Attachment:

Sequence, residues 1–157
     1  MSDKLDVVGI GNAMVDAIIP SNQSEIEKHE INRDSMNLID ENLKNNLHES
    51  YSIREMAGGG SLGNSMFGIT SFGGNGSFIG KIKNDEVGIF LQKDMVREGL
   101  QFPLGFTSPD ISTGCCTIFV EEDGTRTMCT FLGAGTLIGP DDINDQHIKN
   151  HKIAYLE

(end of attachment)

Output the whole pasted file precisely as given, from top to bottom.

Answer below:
Sequence, residues 1–157
     1  MSDKLDVVGI GNAMVDAIIP SNQSEIEKHE INRDSMNLID ENLKNNLHES
    51  YSIREMAGGG SLGNSMFGIT SFGGNGSFIG KIKNDEVGIF LQKDMVREGL
   101  QFPLGFTSPD ISTGCCTIFV EEDGTRTMCT FLGAGTLIGP DDINDQHIKN
   151  HKIAYLE